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Lessons from the Big Bend: Achieve Balance in Your Cybersecurity Approach

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The risks associated with traveling the vast cybersecurity landscape unprepared? It’s bound to be overwhelming. Achieving balance is essential. 

Traversing a national park bigger than the state of Rhode Island? It can be awe-inspiring, if not a bit overwhelming.

Rugged yet beautiful landscapes greeted us everywhere we turned, including, notably, Balanced Rock in Big Bend National Park. The trail leading to to the rock formation was filled with scarce,  dusty desert floor surrounded by piles of boulders; the path was difficult to follow if you weren’t paying attention. But the rewards are worth the careful navigation – a huge boulder balanced and suspended overhead by two others, but also, just underneath it, a beautifully framed window into the distant mountains.

Finding balance isn’t easy. The path can be riddled with obstacles and uncertain navigational turns. But the rewards are undeniable as you continue to journey ahead.

October is Cybersecurity Awareness Month. As employees traverse the Internet to perform their daily jobs – sharing information, hopping from site to site, interacting with those in and outside of your business - it’s incumbent on organizations to structure a solid plan, and create a heightened sense of awareness for employees to navigate confidently as they interact online.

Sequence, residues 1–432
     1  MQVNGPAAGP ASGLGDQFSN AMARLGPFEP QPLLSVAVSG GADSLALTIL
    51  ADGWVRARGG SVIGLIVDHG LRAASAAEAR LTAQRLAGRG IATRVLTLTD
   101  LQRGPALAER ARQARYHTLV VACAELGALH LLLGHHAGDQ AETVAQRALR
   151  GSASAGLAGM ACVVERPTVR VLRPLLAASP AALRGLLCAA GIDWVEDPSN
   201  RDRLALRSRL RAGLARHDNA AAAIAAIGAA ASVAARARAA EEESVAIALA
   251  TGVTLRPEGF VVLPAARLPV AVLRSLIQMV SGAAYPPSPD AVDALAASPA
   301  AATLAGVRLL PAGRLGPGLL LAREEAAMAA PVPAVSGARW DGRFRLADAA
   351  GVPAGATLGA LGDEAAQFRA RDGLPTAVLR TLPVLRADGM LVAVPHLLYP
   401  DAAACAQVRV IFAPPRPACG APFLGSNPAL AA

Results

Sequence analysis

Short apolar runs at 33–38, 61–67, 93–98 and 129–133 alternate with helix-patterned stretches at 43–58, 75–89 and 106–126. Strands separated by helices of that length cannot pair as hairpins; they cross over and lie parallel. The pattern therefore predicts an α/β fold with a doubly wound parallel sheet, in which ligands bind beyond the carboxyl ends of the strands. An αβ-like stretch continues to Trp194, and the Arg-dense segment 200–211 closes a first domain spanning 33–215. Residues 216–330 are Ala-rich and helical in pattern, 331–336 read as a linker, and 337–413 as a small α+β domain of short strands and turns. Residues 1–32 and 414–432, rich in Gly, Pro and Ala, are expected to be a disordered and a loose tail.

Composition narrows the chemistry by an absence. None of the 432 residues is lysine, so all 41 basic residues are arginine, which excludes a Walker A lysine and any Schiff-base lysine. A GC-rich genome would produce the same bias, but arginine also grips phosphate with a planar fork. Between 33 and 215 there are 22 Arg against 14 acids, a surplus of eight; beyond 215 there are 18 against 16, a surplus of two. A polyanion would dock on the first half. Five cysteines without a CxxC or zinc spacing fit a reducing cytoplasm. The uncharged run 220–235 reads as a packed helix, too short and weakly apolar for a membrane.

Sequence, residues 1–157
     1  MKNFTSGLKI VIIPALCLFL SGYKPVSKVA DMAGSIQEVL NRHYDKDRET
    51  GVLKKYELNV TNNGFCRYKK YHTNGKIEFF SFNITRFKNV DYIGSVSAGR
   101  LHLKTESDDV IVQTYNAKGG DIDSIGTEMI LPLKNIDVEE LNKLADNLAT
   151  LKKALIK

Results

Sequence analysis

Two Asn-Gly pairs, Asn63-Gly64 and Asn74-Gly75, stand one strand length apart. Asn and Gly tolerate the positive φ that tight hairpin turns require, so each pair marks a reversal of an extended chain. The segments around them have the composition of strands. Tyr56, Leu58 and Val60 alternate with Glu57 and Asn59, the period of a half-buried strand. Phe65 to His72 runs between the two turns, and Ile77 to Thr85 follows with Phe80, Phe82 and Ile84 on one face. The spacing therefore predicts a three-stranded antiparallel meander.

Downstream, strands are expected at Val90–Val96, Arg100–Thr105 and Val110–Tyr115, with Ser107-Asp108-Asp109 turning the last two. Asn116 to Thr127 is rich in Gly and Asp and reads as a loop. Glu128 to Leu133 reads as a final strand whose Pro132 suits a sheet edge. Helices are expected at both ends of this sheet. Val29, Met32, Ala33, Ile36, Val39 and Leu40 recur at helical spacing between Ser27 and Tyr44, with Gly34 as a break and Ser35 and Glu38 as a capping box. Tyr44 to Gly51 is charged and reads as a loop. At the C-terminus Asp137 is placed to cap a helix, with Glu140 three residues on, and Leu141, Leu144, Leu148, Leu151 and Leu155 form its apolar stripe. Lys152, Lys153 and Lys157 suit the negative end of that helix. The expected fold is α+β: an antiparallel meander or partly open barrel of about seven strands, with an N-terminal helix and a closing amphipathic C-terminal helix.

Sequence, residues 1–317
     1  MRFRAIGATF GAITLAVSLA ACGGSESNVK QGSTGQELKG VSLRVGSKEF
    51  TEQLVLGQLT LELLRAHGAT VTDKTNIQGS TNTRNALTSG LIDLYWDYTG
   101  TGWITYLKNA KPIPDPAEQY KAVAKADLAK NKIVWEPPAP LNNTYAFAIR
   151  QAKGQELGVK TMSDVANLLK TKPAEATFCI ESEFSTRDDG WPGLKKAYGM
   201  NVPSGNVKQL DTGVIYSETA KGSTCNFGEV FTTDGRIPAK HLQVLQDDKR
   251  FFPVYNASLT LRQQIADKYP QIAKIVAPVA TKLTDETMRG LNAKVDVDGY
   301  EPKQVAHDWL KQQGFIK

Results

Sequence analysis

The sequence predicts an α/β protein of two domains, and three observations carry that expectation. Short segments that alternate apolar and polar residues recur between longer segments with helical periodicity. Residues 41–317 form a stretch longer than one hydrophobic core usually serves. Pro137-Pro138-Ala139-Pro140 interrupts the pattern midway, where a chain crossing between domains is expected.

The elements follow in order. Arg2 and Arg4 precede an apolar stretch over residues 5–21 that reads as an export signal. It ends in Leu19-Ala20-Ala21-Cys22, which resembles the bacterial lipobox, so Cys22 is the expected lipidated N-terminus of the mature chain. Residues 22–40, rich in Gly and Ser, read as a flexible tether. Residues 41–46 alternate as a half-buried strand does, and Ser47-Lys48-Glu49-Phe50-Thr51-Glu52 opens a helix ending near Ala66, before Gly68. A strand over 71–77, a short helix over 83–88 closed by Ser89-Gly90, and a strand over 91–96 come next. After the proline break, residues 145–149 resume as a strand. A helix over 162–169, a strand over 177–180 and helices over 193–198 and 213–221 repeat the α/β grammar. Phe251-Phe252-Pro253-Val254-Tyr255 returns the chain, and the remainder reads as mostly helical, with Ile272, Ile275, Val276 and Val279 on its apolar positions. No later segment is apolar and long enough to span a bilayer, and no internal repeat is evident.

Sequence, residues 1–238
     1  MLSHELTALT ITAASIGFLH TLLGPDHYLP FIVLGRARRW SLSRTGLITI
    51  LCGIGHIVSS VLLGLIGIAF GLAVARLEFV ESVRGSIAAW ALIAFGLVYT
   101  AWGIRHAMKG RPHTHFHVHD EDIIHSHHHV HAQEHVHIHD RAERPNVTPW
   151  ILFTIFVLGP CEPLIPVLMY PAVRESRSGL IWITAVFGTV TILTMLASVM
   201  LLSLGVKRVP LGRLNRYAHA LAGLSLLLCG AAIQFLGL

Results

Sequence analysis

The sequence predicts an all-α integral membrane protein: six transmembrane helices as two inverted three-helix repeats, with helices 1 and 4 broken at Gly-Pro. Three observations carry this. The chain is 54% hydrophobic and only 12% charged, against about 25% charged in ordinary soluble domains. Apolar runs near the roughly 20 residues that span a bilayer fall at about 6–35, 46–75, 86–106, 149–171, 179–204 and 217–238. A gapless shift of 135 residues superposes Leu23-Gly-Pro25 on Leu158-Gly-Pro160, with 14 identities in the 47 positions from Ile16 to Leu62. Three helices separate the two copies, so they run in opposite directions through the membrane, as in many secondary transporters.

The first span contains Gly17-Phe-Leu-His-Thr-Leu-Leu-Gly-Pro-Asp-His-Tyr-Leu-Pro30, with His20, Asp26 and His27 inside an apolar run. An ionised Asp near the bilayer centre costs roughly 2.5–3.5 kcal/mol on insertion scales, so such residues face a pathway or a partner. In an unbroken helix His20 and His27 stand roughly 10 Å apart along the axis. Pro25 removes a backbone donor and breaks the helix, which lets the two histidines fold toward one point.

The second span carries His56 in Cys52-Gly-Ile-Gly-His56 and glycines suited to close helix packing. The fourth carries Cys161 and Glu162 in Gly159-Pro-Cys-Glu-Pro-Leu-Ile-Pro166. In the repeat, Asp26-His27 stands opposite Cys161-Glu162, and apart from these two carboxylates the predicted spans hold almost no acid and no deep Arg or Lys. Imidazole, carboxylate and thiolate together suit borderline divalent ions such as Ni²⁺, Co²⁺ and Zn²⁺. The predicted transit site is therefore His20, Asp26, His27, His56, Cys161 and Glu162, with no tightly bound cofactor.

The risks associated with traveling the vast cybersecurity landscape unprepared? It’s bound to be overwhelming. Achieving balance is essential.

3 Lessons from the Big Bend: Finding Balance in Your Cybersecurity Approach: 

1. Educate Yourself on the Rugged Landscape. 

Need proof that the cybersecurity terrain is rugged? The 2019 Official Annual Cybercrime Report (ACR) predicts that businesses will fall for ransomware attacks every 11 seconds by 2021 (up from every 40 in 2016).

Before guarding against attacks, one must first understand them. A leading attack today socially engineering – the art of tricking people into giving their confidential information or manipulating them to do something. Below is a briefing on common methods:

  • Phishing: It's the leading tactic leveraged by today’s ransomware hackers, typically delivered in the form of an email, chat, web ad or website designed to impersonate a real system and organization. Often crafted to deliver a sense of urgency and importance, the message within these emails often appears to be from the government or a major corporation and can include logos and branding.
  • Baiting: Similar to phishing, baiting involves offering something enticing to an end user in exchange for private data. The “bait” comes in many forms, both digital, such as a music or movie download, and physical, such as a branded flash drive labeled “Executive Salary Summary Q3 2016” that is left out on a desk for an end user to find. Once the bait is taken, malicious software is delivered directly into the victim’s computer.
  • Quid Pro Quo: Similar to baiting, quid pro quo involves a request for the exchange of private data but for a service. For example, an employee might receive a phone call from the hacker posed as a technology expert offering free IT assistance in exchange for login credentials.